Elkhorn coral suffering from bleaching in Dry Tortugas National Park, Pulaski Shoal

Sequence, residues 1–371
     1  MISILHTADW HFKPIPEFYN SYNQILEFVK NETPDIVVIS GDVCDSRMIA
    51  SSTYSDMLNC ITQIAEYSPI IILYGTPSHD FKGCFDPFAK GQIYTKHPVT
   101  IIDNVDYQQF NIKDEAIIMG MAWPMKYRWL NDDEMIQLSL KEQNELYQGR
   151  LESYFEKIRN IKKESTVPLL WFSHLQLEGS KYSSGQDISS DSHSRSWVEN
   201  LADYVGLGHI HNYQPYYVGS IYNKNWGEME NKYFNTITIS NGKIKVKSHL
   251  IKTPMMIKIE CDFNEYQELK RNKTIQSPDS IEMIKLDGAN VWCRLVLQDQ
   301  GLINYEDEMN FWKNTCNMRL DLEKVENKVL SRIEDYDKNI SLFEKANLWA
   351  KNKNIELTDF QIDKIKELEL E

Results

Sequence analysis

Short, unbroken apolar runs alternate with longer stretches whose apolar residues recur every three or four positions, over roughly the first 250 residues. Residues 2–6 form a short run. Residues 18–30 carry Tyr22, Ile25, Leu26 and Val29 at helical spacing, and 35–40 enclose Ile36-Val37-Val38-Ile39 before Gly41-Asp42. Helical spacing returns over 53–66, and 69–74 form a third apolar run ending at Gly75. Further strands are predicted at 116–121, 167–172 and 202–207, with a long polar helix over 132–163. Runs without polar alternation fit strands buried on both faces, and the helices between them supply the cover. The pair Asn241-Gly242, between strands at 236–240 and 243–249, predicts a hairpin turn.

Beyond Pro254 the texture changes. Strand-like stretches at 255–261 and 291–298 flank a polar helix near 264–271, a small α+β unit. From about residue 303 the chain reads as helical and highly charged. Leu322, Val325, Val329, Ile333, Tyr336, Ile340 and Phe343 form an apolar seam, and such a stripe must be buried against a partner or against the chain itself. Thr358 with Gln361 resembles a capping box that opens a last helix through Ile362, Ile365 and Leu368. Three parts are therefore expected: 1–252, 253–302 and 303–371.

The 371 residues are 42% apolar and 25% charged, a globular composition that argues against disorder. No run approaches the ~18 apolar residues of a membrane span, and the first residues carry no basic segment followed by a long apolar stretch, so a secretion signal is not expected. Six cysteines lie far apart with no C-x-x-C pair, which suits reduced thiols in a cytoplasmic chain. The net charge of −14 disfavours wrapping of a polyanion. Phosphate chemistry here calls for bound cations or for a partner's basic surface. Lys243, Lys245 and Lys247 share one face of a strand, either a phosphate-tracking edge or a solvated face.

Shown here is a colony of the threatened Elkhorn coral, Acropora palmata, that has succumbed to "bleaching," that is, lost all its algal symbionts (also called zooxanthellae) because of the summer 2023 ocean-heat wave. The coral is attached to a cement block as part of the U.S. Geological Survey’s Coral Assessment Network (USGS-CAN) that provides data on coral-growth (calcification) rates throughout the western Atlantic. Data like these are collected to document seasonal and spatial patterns in coral growth that correlate with ocean conditions and are used to guide the management and restoration of coral species that have experienced population declines across the region, and pictured here is one of calcification stations located in in Dry Tortugas National Park. Unfortunately, this colony was already completely dead when photographed on August 15, 2023.